Scottish Government civil servants have been deprived of key information relating to a no-deal Brexit by the UK government, Nicola Sturgeon has claimed.
Her declaration comes after Tory leadership contender Jeremy Hunt claimed the Scottish Government was not making adequate preparations for a no-deal scenario.
Former first minister Jack McConnell also warned relations between civil servants in Edinburgh and London had been hit by growing divisions as a result of enhanced devolution. The claims are made in a new collection of essays published by the Smith Institute think tank today.
Ms Sturgeon said the civil service in Scotland has “often worked well” with the UK-wide civil service despite “inevitable tensions”.
But she said: “Our experiences have been mixed here, however.
“The Scottish Government has also had to work with the UK government on the aftermath of the 2016 referendum on leaving the EU.
“The UK government has routinely deprived Scottish Government civil servants of important information – for example, on preparations for a no-deal Brexit – which I would expect to be made available. This is perhaps a reminder that, regardless of the professionalism and goodwill of civil servants, clear leadership from ministers is still absolutely essential if government is to function effectively.”
It is feared a no-deal Brexit could cost up to 100,000 jobs north of the Border. Ms Sturgeon has warned the Scottish Government will not be able to fully mitigate the impact.
SNP ministers are concerned about a lack of information in key logistical areas such as how much ferry capacity will be available after exiting the EU and on what routes they will run. It is also not known what goods will be classed as “priority” and what arrangements will be made for Scottish needs, including the particular challenges of rural areas. It is also not known whether food exports can be integrated with imports, which would allow Scots goods to be shipped on the “outbound” journey.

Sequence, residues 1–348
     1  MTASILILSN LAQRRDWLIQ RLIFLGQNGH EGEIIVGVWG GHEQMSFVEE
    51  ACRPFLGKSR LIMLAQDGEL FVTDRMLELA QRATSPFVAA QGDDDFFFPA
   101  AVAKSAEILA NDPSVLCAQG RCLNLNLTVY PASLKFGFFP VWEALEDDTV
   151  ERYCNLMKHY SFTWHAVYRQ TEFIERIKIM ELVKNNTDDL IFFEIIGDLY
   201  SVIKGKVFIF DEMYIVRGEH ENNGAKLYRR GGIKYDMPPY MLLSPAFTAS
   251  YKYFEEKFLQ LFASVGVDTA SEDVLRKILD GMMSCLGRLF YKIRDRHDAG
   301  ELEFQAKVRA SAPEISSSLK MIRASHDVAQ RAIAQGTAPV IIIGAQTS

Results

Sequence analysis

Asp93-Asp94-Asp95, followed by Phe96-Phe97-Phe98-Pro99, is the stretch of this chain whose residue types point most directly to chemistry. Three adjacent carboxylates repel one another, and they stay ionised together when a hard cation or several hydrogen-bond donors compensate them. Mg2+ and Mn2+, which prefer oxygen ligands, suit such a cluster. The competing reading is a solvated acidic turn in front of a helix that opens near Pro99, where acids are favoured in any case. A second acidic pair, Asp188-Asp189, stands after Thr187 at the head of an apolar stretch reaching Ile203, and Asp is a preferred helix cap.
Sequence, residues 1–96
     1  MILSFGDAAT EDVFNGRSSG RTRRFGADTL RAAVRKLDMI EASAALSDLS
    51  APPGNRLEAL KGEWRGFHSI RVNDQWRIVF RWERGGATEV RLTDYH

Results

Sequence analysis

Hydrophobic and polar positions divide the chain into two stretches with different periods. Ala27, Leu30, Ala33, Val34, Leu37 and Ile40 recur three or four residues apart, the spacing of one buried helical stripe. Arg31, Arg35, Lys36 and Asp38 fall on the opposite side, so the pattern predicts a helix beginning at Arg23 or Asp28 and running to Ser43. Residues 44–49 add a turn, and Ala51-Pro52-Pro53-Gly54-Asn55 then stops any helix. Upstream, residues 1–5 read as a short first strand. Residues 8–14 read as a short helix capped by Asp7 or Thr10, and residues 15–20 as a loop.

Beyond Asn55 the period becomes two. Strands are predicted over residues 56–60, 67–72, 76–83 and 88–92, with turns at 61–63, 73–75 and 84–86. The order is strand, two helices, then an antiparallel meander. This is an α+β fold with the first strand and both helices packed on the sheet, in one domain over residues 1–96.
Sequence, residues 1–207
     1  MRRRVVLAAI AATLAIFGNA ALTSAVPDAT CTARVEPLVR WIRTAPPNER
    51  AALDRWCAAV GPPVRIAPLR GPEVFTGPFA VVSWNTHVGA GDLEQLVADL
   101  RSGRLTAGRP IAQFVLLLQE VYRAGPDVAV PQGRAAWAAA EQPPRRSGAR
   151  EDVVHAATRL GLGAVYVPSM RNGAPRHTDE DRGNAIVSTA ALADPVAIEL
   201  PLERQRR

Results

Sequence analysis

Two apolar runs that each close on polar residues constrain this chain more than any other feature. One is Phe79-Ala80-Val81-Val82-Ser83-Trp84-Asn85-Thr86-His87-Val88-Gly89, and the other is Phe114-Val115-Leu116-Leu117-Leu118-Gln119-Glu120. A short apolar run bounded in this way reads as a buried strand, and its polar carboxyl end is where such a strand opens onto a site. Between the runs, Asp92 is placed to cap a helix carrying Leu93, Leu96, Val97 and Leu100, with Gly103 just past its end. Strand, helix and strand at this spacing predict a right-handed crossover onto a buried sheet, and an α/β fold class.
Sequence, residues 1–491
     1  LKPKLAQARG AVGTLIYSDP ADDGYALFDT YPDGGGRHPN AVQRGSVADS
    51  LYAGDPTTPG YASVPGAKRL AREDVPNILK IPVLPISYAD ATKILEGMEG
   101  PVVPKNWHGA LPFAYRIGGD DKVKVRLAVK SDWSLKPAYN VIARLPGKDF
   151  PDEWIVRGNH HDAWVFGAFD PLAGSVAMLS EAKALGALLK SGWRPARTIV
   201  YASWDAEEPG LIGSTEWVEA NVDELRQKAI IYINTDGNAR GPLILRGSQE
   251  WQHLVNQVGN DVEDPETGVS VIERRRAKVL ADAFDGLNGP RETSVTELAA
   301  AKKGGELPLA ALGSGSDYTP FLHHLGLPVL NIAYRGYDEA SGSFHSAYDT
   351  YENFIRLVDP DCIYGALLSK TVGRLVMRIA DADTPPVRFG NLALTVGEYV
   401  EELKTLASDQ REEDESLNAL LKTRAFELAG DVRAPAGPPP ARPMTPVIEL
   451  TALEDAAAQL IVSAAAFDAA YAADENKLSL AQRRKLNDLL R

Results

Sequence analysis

Mr Hunt, the foreign secretary, said the Scottish Government was not doing enough to prepare for a no-deal scenario during a visit to Scotland last week, but declined to specify particular areas of concern.
Lord McConnell says it is time to “refresh and renew a battered civil service”.
He warns enhanced devolution has led to a freeze in relations between civil servants north and south of the Border.
“Internally within the UK, respect for the autonomy of the devolved nations and the relationship between their ministers and civil servants leads to a lack of interchange now that is dividing the practical experience of different levels of government,” he adds.
“To tackle this, regular secondments and interchange should take place between UK departments and departments reporting to Edinburgh, Cardiff and Belfast.
“Top level civil servants in London, and in the devolved administrations, should have spent some of their career working at the other level, understanding the systems and dynamics at play there and understanding the relationships from both sides.”
The former first minister warns there is a need for the civil service in the UK to be strengthened.
“There are too many instances of covering up for ministers or colleagues and in these times of identity politics, where nationalism and patriotism can become confused, too many stories arise of promotions based on political loyalties,” he says.
The collection of essays has been published in an attempt to “bring clarity” to the debate about the challenges of delivering an impartial civil service. Steve Barwick, editor of the collection and deputy director of the independent Smith Institute think tank, said it shows the “diligence and impartiality” of civil servants is respected by the vast majority of politicians.
A UK Government Spokesperson said: “There are regular discussions at all levels between the UK and Scottish Government ahead of UK’s exit from the European Union to discuss the next steps in delivering Brexit in a smooth and orderly way.”